Chapter one: ‘The best days of your life’ cont.
The café was quiet. The after work crowd had gone and they had their pick of seats. Maggie immediately claimed the lumpy overstuffed green one in the window. She loved people watching and would happily spend hours there, gazing out at the citizens of Colchester. Emma followed her and dumped her swimming bag on the floor next to the sofa. ‘What do you fancy, my treat,’ Maggie said jumping up with her purse already in hand. ‘Surprise me,’ Emma replied, smiling at her friend. While Maggie bustled off towards the counter, Emma slid onto the sofa, tipping her head back against the armrest. She closed her eyes, which still stung slightly from wearing her contacts all day and the chlorinated pool water. She pushed her black-framed glasses up onto her forehead and rubbed her eyes. Her dad liked to tease her about those glasses; he called them her ‘Clark Kents’. He really wasn’t funny.
‘Mild-mannered English teacher by day, superhero author by night,’ Emma mumbled to herself. Her hair was still wet and Emma absently ran her fingers through it, combing the straight blonde tresses out. What she really needed was an amazing hero. Heroines were important to romance novels, they needed to provide a point of view, a way in for the reader, but it’s the hero that really catches your attention. Austen had Mr. Darcy, Bronte had Mr. Rochester and I have….a mysterious crusader who my (currently nameless) heroine loathes. Emma groaned and massaged her forehead with one hand. Maybe she could profile a hero? Maggie certainly seemed to have plenty of ideas about what constituted the ideal man.
Around her she could hear snatches of conversation, the gentle sound of jazz coming from the café’s cd player. The sofa was slightly prickly against her neck and she shifted her weight around, trying to stop it chafing her skin. Briefly, faintly, she caught the sound of a violin. Emma kept her eyes closed and tried to follow the sound. Only a few notes. Such a sad refrain…
‘There you go!’ said Maggie crashing a laden tray down onto the small table. Distracted from her thoughts, Emma opened her eyes and sat up. Her glasses fell down onto her nose. Maggie chattered as she picked up the coffee mugs and moved them around. ‘This is yours, I got you a macchiato, I hope that’s Ok? The waitress suggested you try it with coconut syrup, but I know that you don’t like things with loads of sugar, so I asked for a sugar-free and she had one, which hopefully you’ll like….’ Maggie broke off and put down two enormous slabs of carrot cake. ‘You alright?’ she asked, peering at Emma closely.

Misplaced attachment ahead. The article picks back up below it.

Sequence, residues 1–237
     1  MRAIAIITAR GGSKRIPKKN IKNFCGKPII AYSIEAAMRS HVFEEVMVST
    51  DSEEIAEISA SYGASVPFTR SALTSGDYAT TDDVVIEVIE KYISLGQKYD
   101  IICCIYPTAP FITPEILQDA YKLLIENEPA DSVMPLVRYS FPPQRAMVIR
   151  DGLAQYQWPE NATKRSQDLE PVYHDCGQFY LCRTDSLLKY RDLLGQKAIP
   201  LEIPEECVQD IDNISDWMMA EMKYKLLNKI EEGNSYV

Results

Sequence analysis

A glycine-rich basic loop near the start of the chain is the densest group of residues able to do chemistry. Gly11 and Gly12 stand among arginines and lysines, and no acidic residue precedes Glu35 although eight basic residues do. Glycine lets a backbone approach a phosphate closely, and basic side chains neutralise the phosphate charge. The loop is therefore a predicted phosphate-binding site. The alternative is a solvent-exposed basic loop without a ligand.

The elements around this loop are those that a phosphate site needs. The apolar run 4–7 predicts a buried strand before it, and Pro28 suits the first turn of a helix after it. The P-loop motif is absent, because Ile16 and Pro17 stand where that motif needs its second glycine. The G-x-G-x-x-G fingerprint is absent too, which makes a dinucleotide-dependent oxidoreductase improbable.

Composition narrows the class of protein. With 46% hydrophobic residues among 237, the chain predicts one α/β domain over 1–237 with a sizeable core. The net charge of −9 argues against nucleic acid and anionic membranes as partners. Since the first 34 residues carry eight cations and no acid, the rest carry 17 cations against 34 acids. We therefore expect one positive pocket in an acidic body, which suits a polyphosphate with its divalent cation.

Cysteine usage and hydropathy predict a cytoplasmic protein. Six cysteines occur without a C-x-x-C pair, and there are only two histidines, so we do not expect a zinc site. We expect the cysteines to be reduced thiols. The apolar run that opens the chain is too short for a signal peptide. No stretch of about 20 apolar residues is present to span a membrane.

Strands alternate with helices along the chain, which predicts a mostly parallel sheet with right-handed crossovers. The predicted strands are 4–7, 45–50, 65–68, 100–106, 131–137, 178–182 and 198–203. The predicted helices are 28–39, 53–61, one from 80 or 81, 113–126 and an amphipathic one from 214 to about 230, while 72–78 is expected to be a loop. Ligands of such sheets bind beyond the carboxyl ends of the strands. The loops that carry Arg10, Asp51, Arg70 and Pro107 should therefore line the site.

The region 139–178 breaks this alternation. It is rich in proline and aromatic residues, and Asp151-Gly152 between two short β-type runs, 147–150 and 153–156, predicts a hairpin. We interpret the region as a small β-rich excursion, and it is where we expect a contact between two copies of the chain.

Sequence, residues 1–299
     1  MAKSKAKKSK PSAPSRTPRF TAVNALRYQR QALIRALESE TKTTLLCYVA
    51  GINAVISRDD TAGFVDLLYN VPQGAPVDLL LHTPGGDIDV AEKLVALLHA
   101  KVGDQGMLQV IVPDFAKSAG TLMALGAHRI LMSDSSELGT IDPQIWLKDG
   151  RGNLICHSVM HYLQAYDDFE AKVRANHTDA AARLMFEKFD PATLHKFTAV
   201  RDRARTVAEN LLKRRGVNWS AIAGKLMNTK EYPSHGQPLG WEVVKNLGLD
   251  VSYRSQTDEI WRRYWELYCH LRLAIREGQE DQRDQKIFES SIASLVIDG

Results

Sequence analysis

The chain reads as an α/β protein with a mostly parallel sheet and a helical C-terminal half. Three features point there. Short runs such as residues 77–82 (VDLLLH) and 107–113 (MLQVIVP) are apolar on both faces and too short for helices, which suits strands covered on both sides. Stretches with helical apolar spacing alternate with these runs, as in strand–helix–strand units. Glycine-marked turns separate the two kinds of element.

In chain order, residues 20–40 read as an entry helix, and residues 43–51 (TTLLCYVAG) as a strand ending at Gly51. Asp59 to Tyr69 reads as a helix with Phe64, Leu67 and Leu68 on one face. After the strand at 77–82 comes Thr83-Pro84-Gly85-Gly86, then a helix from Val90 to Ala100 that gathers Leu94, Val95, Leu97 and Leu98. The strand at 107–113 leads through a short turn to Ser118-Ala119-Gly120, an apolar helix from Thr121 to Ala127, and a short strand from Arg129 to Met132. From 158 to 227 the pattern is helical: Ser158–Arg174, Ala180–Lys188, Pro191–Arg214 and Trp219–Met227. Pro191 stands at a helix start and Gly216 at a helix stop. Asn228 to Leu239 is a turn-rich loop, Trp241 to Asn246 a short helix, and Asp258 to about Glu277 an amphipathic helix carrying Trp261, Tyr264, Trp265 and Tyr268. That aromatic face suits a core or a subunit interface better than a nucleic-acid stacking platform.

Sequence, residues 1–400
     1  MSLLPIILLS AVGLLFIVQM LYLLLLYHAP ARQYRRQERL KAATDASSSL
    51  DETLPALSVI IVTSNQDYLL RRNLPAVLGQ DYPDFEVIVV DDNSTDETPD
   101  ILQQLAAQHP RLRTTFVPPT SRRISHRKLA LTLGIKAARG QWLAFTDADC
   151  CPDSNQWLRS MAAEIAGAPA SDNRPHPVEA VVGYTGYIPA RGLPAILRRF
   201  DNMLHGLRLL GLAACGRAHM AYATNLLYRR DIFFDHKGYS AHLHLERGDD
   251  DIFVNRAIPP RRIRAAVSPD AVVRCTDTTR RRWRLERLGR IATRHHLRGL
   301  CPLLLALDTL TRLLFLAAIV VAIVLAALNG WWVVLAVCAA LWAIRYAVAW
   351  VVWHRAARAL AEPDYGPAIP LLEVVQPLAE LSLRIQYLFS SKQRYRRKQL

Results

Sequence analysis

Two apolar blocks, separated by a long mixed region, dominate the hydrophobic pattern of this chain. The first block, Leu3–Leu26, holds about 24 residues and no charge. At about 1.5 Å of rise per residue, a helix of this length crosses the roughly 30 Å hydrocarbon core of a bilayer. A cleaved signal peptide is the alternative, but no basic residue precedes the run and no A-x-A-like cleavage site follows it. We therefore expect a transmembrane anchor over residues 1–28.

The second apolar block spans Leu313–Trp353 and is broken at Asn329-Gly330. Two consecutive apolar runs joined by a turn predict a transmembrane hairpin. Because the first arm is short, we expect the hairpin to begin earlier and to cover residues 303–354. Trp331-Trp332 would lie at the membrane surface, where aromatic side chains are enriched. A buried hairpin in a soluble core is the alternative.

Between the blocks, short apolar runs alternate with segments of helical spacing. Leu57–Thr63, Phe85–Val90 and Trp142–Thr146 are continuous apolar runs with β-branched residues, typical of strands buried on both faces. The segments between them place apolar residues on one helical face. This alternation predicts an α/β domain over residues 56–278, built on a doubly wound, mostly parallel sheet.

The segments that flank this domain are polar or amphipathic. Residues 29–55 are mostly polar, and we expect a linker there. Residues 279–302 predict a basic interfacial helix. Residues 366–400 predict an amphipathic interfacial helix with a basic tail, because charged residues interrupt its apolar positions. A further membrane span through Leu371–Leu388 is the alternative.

Emma nodded and shook her head to clear it. ‘Must just be a bit tired,’ she said and scooped up the massive orange coffee mug. Raising it to her lips she breathed in the fragrant steam, ‘Mmmmm….coconut,’ she said letting the steam fog her glasses. Maggie shot her a penetrating glance, then shrugged and picked up her cake and a small fork. With a careful slicing motion, she speared a large piece smothered with butter icing, ‘Eat tu, cakey,’ she said and popped it into her mouth.
‘Mags, who is your ideal man?’ Emma asked, putting down the heavy cup. ‘I need some expert advice fleshing out my hero.’
Maggie chewed thoughtfully and swallowed. ‘I’m not sure if I should be flattered or worried about my reputation,’ she said, wiping her mouth on a paper napkin.
‘You know what I mean,’ replied Emma getting out a notepad and pen. Flicking to the book-marked page with one hand, she deftly uncapped the biro with the other and held it poised over the paper. ‘So…?’
Maggie shifted on the sofa, putting down her cake plate. ‘Are we talking ideal romantic hero here, or realistic man?’ she asked.
Emma deliberated for a moment, ‘Definitely needs to be realistic, but also ideal. In fact, give me both!’
‘Ok,’ Maggie said thoughtfully, ‘well, the romantic hero needs to be tall, dark and handsome. It definitely helps if he’s muscular, but nothing on the weight lifting scale. He needs some wildness in his nature and a hint of rebellion.’
Emma nodded, noting points down, ‘…rebellion. OK. And the realistic man?’